Life In Plastic

Life In Plastic Plastic is the backbone of our society but oil reserves are decreasing and evidence points to its noxious effects on our health and the environment. Could intelligent recycling be the answer?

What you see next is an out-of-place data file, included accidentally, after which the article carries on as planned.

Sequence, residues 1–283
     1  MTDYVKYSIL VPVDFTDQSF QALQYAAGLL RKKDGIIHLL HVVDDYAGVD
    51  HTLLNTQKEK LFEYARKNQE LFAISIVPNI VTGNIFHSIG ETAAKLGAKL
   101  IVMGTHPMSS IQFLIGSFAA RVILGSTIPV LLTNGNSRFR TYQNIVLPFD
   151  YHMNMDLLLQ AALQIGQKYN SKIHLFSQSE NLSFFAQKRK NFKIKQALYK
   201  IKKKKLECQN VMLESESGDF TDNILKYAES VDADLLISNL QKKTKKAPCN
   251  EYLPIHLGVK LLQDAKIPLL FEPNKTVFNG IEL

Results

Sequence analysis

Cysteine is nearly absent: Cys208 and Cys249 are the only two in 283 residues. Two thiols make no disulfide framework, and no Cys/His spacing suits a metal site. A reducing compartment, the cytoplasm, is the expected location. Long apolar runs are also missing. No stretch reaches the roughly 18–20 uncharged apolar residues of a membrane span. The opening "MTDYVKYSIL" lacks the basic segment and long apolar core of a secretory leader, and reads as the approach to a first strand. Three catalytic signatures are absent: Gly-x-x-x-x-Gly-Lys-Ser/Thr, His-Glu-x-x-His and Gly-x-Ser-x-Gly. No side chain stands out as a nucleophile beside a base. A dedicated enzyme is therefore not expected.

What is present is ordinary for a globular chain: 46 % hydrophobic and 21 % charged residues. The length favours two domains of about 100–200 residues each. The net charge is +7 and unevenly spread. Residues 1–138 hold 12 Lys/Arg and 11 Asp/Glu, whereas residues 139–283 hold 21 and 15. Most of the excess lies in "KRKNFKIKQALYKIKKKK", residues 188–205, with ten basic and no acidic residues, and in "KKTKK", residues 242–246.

Hundreds of miles in the open Pacific, a jellyfish is drifting among plastic bags, bits of waste trapped in its tentacles. 'We found the water column there contains six times more plastic than animal life', warns this marine biologist. 'Chemicals released from plastic pass along the food chain. The creatures at the end of it, man himself, get the entire load'. Currents gather waste from the coast forming a carpet of rubbish the size of Central Europe. The harmful effects of those chemicals on the human body range from infertility to cancer. The solution? Cradle to cradle recycling. Environmental chemist Michael Braungart aims at creating products that could be recycled an infinite number of times. 'Even at the planning stage of a product, we think of how and where it's useful life will end. This means that each constituent must initially be non-toxic and all constituents must be easily separable.' He boldly claims, 'All things can be reinvented'.

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